Freedom Of Choice: Another Perspective On The APMA/ACFAS Debate
Living in America, we are blessed with freedom, which allows us to choose the college or university we would like our children to attend. We have the right of choice when it comes to purchasing cars, houses or any other entity that has value to us. We also have the right and obligation to choose our legislators, and we can belong to any political party we choose.
However, prior to 2007, members of the American Podiatric Medical Association (APMA) who were also Fellows of the American College of Foot and Ankle Surgeons (ACFAS) were denied this freedom of choice. The APMA requires podiatrists to be members of the APMA before we can join any professional association.
I do not know about the rest of you but I resent being told that in order to belong to the ACFAS, I must be a member of the APMA. I belong to the APMA because my state association is very effective and I feel my membership is worth the fees. However, in order to belong to my state association, I must first be an APMA member.
We are the only medical profession that has a parent organization with such a policy. Why? Is it because the leadership of the APMA believes our intellect is somehow inadequate? It seems that the leadership of the APMA feels that its members are not competent to choose which organization they should belong to.
I think the APMA leadership has underestimated the importance of the ACFAS and have overestimated their own worth. The change in policy by the ACFAS has clearly not hurt the ACFAS. In fact, our membership has increased over the last year. What about the APMA? Is the APMA really suffering? I think not. In order to retain members in any organization, the organization should provide services to its membership so individuals should want to join on their own.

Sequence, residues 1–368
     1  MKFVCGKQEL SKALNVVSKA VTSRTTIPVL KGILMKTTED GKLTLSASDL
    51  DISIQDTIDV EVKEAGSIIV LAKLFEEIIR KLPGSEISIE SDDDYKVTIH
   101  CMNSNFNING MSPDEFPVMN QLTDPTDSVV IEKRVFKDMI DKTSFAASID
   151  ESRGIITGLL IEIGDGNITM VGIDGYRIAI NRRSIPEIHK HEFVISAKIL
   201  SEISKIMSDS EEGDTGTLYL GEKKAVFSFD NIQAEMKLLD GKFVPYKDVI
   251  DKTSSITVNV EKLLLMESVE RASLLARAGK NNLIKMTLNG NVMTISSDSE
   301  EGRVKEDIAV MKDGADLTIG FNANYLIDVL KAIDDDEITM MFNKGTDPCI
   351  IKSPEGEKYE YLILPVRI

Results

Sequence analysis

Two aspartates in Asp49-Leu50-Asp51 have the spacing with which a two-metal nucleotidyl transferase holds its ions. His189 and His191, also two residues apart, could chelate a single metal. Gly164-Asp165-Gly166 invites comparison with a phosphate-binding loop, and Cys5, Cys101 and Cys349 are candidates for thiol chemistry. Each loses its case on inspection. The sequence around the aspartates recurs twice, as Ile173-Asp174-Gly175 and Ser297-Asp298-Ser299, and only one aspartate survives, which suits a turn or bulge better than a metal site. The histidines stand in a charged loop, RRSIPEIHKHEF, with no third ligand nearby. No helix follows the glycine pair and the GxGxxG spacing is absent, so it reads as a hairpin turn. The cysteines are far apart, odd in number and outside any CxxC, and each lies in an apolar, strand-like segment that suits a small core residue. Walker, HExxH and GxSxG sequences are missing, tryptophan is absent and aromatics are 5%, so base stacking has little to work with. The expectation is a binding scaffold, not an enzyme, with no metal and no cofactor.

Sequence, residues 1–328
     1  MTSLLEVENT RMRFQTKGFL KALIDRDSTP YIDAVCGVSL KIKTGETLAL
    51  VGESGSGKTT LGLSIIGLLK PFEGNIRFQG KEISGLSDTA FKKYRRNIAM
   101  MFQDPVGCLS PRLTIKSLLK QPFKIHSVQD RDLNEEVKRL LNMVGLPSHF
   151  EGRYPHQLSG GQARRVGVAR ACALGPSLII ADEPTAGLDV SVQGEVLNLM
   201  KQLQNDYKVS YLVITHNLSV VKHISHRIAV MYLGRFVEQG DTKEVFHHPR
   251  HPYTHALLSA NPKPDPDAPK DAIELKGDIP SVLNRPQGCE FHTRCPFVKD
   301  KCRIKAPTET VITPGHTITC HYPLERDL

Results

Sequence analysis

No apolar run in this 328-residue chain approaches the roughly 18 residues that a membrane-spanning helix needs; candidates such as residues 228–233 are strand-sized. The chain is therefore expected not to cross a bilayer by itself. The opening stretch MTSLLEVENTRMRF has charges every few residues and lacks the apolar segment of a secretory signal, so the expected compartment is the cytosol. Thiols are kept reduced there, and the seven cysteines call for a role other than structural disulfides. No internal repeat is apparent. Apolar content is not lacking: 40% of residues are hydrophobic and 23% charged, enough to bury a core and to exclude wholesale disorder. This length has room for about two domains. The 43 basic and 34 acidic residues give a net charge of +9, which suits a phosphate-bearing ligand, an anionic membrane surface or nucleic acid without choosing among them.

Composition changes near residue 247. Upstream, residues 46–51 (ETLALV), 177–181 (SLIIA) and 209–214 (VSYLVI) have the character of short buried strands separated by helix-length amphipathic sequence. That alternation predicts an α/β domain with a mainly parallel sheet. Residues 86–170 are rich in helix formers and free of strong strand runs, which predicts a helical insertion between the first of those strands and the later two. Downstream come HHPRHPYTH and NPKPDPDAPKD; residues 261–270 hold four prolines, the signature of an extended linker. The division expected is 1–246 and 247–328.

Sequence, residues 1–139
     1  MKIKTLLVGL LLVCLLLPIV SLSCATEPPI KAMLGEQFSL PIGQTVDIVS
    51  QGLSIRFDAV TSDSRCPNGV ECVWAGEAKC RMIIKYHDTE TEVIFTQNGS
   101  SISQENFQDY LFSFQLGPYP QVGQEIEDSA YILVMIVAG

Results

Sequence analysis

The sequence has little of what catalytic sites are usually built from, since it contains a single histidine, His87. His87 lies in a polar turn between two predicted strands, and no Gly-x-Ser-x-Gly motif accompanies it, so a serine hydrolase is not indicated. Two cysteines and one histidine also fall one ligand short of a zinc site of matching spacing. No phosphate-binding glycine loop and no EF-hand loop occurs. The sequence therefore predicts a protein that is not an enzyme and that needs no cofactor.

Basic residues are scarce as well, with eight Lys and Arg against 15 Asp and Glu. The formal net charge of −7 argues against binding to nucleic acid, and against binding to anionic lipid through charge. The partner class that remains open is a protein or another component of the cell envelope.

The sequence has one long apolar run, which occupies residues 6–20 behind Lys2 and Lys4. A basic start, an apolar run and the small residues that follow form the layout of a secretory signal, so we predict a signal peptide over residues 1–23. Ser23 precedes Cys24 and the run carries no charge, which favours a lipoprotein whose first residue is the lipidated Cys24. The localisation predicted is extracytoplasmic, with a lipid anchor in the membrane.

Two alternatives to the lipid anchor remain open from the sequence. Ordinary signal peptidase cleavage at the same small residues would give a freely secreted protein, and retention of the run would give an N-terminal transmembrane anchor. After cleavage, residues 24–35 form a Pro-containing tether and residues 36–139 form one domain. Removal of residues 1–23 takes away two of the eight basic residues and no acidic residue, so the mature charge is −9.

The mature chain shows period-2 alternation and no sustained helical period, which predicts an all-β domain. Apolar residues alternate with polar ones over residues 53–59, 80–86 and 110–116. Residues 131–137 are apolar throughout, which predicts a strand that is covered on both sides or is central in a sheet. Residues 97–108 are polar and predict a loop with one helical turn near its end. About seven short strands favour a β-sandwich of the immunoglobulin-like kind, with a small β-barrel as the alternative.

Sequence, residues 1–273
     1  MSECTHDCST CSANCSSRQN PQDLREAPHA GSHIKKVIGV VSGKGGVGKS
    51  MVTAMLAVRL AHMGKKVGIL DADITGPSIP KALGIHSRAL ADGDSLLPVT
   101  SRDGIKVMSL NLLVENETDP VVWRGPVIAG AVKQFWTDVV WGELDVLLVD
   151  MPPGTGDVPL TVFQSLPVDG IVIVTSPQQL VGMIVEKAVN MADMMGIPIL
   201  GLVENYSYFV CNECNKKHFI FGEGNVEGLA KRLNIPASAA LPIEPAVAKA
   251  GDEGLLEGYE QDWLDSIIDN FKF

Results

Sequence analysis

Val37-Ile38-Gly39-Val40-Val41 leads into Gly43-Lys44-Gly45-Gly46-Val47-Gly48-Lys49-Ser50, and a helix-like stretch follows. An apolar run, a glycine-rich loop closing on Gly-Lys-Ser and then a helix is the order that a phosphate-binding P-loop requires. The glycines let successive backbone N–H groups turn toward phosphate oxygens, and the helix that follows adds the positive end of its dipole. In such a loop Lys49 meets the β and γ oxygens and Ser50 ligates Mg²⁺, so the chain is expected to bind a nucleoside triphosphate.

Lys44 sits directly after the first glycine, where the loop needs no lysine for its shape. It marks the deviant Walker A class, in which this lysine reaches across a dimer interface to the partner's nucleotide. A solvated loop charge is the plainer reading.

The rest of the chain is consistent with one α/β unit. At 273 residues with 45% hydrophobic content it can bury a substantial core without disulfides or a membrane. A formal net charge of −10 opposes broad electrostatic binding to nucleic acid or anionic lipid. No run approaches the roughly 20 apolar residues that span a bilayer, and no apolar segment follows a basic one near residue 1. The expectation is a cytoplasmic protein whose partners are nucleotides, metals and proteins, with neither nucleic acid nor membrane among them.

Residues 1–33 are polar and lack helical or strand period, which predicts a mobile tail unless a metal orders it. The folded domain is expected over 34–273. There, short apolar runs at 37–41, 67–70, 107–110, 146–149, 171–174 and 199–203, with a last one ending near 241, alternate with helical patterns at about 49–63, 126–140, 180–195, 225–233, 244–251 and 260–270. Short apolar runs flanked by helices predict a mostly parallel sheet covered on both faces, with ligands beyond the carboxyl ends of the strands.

I am a foot and ankle surgeon. I do not perform routine podiatry care in my practice. Accordingly, the ACFAS and the activities of the American Orthopedic Foot and Ankle Society (AOFAS) provide me with the best information available. If truth be told, I have more in common with the members of the AOFAS than I do with the APMA.
What is the message that needs to be sent to the APMA? Grow up. I am proud to be a Fellow of the ACFAS. I cannot imagine why the APMA wants to start a second-rate surgical organization. Who would want to belong to an ersatz organization when a mature and strong surgical organization is available? I extend my condolences to the leadership of the APMA. If they wanted to irritate foot and ankle surgeons, they have succeeded admirably.